When it has nothing else to do, the liberal establishment will dip into its bulging bag of clichés and declare that this time, absolutely, positively, without any doubt, the conservative movement is done. And once again it becomes the duty of right-thinking analysts to stand up and firmly say, “Poppycock!”
Here are five of the most egregious myths about conservatism:
1. The conservative movement is cracking up.
The primary fights between regular Republicans and tea party candidates reflect vitality, not decay. If the conservative party (that is, the Republican Party) were as close to interment as liberals say, political candidates would be vying for the nomination of a third party such as the libertarians. They aren’t.
Liberals are mistaking diversity for division, and today the conservative movement is more diverse than ever, with names such as Jindal, Rubio, Cruz, Martinez, Tim Scott, Rand Paul, etc. The movement is expanding, not contracting, as evidenced in annual gatherings such as the traditionalist CPAC, which attracts 10,000, and the libertarian Freedom Fest, which draws more than 2,000 people.
2. The conservative philosophy is irrelevant and out of date.
“To suggest that the conservative philosophy is out of date is akin to saying that the Golden Rule, or the Ten Commandments, or Aristotle’s Politics are out of date. The conservative approach is nothing more or less than an attempt to apply the wisdom and experience and the revealed truths of the past to the problems of today.” Barry Goldwater wrote that 54 years ago in “The Conscience of a Conservative,”and it holds true today.
3. The three-legged stool of social, economic and national security conservatism is breaking down.
From 1995 to 2011, according to Gallup, pro-life support in America increased from 33 percent to 50 percent, and support for abortion declined by 15 percent. A 2013 Gallup showed 41 percent of Americans self-identified as economically conservative, but only 19 percent as economically liberal. President Obama’s stop-and-start foreign policy in Iraq, Afghanistan, Syria, Russia, Ukraine, Libya and elsewhere has produced a new breed of national security conservatives committed to a prudent foreign policy, based on our capabilities and guided by our founding principles of liberty and justice.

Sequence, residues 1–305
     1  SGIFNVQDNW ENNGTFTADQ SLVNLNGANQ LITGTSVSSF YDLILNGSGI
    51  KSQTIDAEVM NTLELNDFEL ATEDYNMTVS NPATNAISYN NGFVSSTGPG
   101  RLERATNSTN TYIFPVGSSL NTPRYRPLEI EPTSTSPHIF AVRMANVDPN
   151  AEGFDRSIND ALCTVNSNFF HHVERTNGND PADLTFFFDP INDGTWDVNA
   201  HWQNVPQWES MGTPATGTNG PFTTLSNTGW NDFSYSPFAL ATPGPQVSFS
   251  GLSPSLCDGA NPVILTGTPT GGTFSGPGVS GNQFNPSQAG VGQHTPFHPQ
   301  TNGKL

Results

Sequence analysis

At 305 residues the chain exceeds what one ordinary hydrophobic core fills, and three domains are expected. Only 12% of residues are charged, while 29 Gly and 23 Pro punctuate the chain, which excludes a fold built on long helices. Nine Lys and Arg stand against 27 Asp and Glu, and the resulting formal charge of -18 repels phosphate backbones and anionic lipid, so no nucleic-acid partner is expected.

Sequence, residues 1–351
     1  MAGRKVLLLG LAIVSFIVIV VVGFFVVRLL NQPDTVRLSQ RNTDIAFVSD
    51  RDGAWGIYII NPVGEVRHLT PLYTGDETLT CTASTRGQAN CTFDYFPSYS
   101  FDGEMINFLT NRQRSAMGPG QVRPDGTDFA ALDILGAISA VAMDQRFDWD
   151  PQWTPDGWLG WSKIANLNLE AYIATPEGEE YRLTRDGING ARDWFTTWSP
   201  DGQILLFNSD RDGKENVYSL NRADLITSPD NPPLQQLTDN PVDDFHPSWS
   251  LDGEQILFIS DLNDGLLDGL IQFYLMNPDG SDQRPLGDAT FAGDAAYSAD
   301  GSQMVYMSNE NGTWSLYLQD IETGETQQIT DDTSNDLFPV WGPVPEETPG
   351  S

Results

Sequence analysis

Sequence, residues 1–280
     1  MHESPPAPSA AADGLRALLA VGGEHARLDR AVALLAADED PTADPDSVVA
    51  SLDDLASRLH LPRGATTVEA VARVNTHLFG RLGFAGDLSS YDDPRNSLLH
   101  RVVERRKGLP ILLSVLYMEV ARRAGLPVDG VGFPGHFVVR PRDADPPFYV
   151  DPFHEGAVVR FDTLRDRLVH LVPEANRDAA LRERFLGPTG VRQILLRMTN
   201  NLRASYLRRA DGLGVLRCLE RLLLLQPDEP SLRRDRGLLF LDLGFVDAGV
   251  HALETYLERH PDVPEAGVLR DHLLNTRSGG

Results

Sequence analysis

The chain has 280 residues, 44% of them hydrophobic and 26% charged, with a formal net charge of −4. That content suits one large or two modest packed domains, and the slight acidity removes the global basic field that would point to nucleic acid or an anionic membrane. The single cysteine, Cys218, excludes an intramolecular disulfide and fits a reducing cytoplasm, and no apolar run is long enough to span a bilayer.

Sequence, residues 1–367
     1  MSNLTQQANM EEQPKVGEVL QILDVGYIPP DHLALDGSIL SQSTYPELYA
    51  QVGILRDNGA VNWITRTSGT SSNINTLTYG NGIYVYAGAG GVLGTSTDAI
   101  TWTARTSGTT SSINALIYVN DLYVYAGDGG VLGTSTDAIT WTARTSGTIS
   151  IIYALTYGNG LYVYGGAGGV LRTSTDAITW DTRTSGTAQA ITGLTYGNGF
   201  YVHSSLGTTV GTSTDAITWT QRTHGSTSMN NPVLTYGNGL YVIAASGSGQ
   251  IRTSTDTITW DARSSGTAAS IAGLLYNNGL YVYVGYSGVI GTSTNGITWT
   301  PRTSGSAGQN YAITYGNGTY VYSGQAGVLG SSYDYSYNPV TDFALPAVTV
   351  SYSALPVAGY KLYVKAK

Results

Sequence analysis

4) The tea party is toxic for conservatism.
Of all the myths, this may be the most pernicious. Far from being poisonous, the tea party has assumed the grassroots role of Goldwater volunteers in 1964, the Moral Majority in Reagan’s 1980 presidential victory and supporters of the 1994 Contract with America. Denounced as extremist by the media, the tea party believes, as a conservative icon once put it, that “Extremism in the defense of liberty is no vice.” I can attest from personal experience that Tea Partiers love their country, their God and the Constitution.
5) Conservatism is headed for the ash heap of history unless it makes major changes in its philosophy and politics.
Wrong and wrong. Conservatism is the largest political philosophy in America: 40 percent of Americans describe themselves as conservative, 35 percent as moderate, and just 22 percent liberal. When queried about specific issues, moderates lean more to the right than to the left. The current surge of libertarianism, as seen in Sen. Rand Paul’s pre-presidential candidacy, will widen the appeal of the conservative movement.
Culturally, Fox News continues to dominate the world of cable news, Rush Limbaugh remains the No. 1 talk-show host, Cal Thomas is the most widely syndicated newspaper columnist in America, and The Heritage Foundation, in combination with Heritage Action, is the most-often cited think tank in Washington.
The defeats of 2006, 2008 and 2012 were caused by lackluster political leadership and lip service to conservative principles. The elections of 2014 and 2016 afford conservatives an opportunity to forge a governing coalition stretching from the nation’s capital to the state houses and legislatures of red and blue states.
America has always been a center-right nation, accepting of change so long as it is gradual and not radical, which explains in large measure the continuing rejection of Obamacare. Most Americans take their lead from the American and not the French Revolution.
As Goldwater put it, conservative principles have little to do with “the social, economic and political landscape that changes from decade to decade and from century to century” and everything to do with man’s nature and his God. The problems confronting us may change, but the principles guiding the answers do not. The challenge before us is not to find new truths but to apply proven truths to the present-day problems of our world.